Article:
Two museums on opposite ends of Ohio have joined forces to create the Holocaust Education Campaign.
Cincinnati’s Holocaust and Humanity Center and Cleveland’s Maltz Museum will work together to ensure future generations are aware and will remember the Holocaust. A recent study revealed 22% of millennials have never heard of the Holocaust.
HHC CEO Sarah Weiss said more work needs to be done to make sure it’s not just a footnote.
“There’s stories, there’s museums, there’s books,” Weiss said. “I think there’s also at times an oversimplification that happens with it or this assumption that people know what it is when it’s said and actually people don’t.”
The museums cite a rise of antisemitism across the country as reason for the campaign. Weiss said there’s always work to be done.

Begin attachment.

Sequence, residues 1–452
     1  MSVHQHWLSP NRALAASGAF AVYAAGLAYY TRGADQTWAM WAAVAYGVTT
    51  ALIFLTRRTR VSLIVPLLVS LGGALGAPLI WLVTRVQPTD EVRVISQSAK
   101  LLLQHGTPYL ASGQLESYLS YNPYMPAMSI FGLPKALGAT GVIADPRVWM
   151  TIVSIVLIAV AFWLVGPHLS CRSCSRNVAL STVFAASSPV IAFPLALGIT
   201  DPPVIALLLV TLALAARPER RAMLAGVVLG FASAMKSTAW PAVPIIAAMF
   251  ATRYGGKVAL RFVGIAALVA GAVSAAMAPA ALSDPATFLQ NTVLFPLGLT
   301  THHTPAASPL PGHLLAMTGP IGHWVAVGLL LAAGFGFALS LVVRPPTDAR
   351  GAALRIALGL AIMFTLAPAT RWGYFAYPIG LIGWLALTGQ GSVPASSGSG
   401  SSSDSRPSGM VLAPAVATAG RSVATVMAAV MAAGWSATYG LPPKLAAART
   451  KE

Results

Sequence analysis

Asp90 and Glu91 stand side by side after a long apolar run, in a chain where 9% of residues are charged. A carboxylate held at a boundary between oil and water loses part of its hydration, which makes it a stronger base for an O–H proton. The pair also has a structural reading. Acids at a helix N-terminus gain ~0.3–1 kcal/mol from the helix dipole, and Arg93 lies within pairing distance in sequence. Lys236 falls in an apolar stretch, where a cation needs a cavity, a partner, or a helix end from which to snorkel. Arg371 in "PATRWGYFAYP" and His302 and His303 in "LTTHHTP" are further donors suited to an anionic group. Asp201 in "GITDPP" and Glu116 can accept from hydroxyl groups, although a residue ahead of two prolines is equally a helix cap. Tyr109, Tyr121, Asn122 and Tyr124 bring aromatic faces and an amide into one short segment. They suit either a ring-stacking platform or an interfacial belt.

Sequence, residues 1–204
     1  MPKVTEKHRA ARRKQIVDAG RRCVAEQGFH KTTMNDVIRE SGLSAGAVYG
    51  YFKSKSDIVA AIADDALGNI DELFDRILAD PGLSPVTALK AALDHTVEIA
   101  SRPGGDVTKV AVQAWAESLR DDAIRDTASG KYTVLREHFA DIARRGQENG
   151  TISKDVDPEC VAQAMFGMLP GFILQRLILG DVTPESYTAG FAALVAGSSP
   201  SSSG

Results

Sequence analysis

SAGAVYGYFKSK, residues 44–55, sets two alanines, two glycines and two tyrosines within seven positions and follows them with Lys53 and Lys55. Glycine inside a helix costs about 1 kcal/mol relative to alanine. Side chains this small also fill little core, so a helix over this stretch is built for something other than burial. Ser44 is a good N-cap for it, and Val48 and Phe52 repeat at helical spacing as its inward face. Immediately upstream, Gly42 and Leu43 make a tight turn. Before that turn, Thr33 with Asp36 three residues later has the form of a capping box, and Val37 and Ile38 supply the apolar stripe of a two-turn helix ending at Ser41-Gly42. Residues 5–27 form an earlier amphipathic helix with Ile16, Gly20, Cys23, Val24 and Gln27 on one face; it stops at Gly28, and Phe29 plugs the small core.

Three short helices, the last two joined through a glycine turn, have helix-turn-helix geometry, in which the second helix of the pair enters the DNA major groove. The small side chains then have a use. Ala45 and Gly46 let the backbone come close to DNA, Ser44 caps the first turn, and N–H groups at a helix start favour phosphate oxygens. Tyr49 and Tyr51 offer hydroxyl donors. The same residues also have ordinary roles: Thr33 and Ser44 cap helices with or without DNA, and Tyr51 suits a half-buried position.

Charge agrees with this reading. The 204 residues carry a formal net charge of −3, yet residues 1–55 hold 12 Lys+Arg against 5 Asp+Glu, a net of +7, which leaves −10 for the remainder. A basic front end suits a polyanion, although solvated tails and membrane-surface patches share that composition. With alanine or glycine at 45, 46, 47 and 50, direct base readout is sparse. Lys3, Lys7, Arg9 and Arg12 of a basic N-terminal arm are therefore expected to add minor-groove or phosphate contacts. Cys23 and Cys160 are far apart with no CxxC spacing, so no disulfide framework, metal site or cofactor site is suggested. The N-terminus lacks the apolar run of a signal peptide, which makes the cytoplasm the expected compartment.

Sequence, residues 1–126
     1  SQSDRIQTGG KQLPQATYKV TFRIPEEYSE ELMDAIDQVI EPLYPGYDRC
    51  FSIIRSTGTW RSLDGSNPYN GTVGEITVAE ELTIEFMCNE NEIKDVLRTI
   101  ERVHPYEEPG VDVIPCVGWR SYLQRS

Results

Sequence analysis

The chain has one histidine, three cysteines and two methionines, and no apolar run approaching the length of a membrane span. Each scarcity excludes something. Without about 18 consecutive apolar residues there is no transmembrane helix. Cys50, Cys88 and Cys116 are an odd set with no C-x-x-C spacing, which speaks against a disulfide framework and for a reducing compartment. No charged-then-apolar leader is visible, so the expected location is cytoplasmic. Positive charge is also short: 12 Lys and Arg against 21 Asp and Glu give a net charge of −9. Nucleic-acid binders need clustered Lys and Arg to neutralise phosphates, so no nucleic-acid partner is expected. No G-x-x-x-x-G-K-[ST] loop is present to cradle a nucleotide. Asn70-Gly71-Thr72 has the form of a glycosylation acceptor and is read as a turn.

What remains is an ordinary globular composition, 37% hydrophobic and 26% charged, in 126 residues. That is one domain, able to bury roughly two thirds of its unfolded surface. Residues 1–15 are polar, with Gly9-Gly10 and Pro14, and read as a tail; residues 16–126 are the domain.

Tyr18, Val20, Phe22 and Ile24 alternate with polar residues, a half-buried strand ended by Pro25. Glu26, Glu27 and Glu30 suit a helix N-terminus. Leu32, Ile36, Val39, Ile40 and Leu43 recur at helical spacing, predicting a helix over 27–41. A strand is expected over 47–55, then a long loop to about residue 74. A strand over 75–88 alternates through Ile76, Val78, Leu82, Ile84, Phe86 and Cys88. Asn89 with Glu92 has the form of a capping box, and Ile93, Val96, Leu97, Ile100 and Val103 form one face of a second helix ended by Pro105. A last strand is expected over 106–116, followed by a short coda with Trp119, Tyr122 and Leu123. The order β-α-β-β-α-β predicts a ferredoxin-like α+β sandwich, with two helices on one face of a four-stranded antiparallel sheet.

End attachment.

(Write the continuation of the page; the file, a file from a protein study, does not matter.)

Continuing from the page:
“The one thing that we need to always need to ensure, especially our elected officials, is that we’re not only calling it out on the other side when we see it on the other side, but we’re also calling it out when we see it in our own circles,” Weiss said.
Dahlia Fisher from the Maltz Museum says there’s lessons to be learned from the Holocaust and that’s it “not just a Jewish story, but a human story.”
The museums will offer educational programming and workshops to reach thousands of Ohioans. Programs will be offered digitally, as well as in-person. They expect to offer more programming and create more partnerships throughout communities in the future.
The campaign comes as a state Senate bill has been introduced to create the Holocaust and Genocide Memorial and Education Commission.